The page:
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Implementation of a mock root cause analysis to provide simulated patient safety training
  1. Martina Murphy1,
  2. Jennifer Duff1,
  3. Julie Whitney2,
  4. Benjamin Canales3,
  5. Merry-Jennifer Markham4,
  6. Julia Close1
  1. 1 Department of Medicine, Division of Hematology/Oncology, University of Florida and the North Florida/South Georgia Veterans Administration (NF/SGVA), Gainesville, Florida, USA
  2. 2 North Florida/South Georgia Veterans Administration, Gainesville, Florida, USA
  3. 3 Department of Urology, University of Florida and the North Florida/South Georgia Veterans Administration (NF/SGVA), Gainesville, Florida, USA
  4. 4 Department of Medicine, Division of Hematology/Oncology, University of Florida, Gainesville, Florida, USA
  1. Correspondence to Dr Martina Murphy; martina.murphy{at}


Background The proposed revision to the Accreditation Council for Graduate Medical Education (ACGME) Common Program Requirements includes participation in real or simulated patient safety activities, such as root cause analysis (RCA).1 Because exposure to RCA may occur with low frequency, a mock RCA was developed and piloted for feasibility with Hematology/Oncology fellows.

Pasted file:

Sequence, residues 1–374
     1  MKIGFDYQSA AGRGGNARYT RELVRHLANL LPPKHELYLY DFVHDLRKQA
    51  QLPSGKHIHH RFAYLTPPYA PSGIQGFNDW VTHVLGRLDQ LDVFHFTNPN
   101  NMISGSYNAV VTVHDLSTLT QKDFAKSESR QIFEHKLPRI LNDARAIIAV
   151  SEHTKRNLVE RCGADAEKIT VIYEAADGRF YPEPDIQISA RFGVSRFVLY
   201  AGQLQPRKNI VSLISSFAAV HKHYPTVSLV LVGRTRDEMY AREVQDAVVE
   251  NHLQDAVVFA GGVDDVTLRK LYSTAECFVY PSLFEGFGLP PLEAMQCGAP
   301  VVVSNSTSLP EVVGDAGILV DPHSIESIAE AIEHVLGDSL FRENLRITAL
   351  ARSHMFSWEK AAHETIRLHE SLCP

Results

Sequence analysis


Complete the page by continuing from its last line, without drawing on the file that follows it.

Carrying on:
Objective To improve trainee knowledge of the goals and application of RCA in patient safety and quality improvement through a simulated experience.

Methods A mock RCA was implemented with Hematology/Oncology fellows over two subsequent years. In small groups, they reviewed a case involving an adverse event and identified sources of harm. Additional details, in the form of provider interviews, were available upon request. Trainees identified the root cause(s) and proposed measurable changes. Teams presented proposals to peers and a panel representing hospital leadership. Feedback was provided. Trainees completed evaluations and were surveyed regarding their perceptions.

Results Thirteen of 15 fellows completed the survey. Twelve of 13 (92%) fellows felt the mock RCA improved their comfort level for participation in a real RCA. Ten of 13 fellows (77%) reported increased awareness and likelihood of reporting near misses and/or adverse events following participation. More thorough patient care documentation following the session was reported by 8 of 13 (62%).